From bare, hard packed containment paddock to a lush cover crop, Richard Daugherty's example of regenerative farming at Balala Station, west of Uralla, is pushing the boundaries of acceptable farming - and its potential is enormous.
Like much of the Northern Tablelands and coast, as much rain has fallen on these western slopes in the past two months as all of last year. When it began just after Christmas, it was regarded as a gift and Mr Daugherty was determined not to waste it and so he devised a way of turning a barren, hard-packed containment paddock into something else.
"A cover crop is a tool, just like livestock," he said. "The drive for this project was to get something to grow. You have got to have green above ground."
He devised a plan that included a custom built narrow row air seeder, with a tank attachment that injects worm juice at the same time to boost production on his light granite and trap soil country, with alluvial loam on the flats.
Inspired by the Soil Kee renovator developed in Victoria and Tom Keys' New England seeder, Mr Daugherty arranged for TWM in Armidale to mount eight double disc planters, 350mm apart, to blow microrhizial coated seed just behind the axles holding coulter and disc. Immediately in front bio cast worm juice is injected through nozzles with single piercings, to maintain pressure. Press wheels behind complete the single pass operation.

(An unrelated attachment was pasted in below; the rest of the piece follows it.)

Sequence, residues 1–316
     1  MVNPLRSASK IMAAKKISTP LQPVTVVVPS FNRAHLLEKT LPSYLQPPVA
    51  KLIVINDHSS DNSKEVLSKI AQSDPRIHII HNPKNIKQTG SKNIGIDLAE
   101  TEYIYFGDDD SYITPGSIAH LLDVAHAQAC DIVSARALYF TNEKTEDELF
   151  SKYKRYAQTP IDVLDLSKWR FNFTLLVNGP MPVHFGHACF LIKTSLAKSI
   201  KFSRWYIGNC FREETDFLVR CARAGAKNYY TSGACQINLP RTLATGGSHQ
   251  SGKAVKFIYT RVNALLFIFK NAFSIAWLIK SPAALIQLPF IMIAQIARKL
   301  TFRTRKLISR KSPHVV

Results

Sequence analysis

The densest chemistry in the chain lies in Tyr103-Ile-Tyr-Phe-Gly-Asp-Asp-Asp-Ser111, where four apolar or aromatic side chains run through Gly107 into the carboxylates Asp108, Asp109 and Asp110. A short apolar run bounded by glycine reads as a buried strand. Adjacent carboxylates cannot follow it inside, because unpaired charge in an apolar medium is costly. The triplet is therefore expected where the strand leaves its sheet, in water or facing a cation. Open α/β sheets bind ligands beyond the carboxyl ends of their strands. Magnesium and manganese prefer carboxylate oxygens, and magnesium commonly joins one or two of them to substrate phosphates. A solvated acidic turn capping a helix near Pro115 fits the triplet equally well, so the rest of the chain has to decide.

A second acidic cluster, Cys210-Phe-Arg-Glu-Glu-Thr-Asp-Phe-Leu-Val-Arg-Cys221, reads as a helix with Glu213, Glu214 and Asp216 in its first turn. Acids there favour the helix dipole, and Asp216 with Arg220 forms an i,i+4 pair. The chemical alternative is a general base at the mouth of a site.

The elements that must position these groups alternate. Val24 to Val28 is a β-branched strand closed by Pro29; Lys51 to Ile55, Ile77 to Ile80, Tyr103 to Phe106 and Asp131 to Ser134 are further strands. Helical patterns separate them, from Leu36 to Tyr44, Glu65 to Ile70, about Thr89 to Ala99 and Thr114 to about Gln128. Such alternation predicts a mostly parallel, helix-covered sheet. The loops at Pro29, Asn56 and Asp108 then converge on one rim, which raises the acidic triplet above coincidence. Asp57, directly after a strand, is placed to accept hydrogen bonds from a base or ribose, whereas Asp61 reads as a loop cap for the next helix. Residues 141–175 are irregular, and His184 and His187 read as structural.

What went in the ground made up five families that are mutually beneficial - grasses like brome and prairie grass; cereals such as maize and tap rooted sunflower; legumes including serradella and clovers; brassicas like forage canola and chenopods which include spinach and the native, vigorously growing amaranth.
Sunflowers and turnips are being used to help break up an existing hard pan of clay, under the surface, left from over-cropping that began on the historic station in 1841.
"I never sprayed out the paddock and encouraged what came up by itself," Mr Daugherty explained, pointing out purslane, which is a first responder after drought, before becoming drowned by new growth.
Mr Daugherty quoted Dr Christine Jones, who impressed a lot of people at a regenerative grazing field day at Wilmot, Hernani last week, when he advocated for uncoated seed, free from bug-killing agents, in order to give soil biology a chance to populate.
A cover crop such as this one fully qualifies as a soil carbon building exercise, and Mr Daugherty is examining the best ways of achieving reward for effort. While the obvious return comes from increased soil health, the lure of adding another diverse stream of income to the farming enterprise is attractive.
However, he is wary of accounting schemes which purport to take 30 per cent of the bottom line for soil carbon traded on the open market. After 20 pc government tax there is little incentive left to cover crop as a mix in the carbon trading scheme.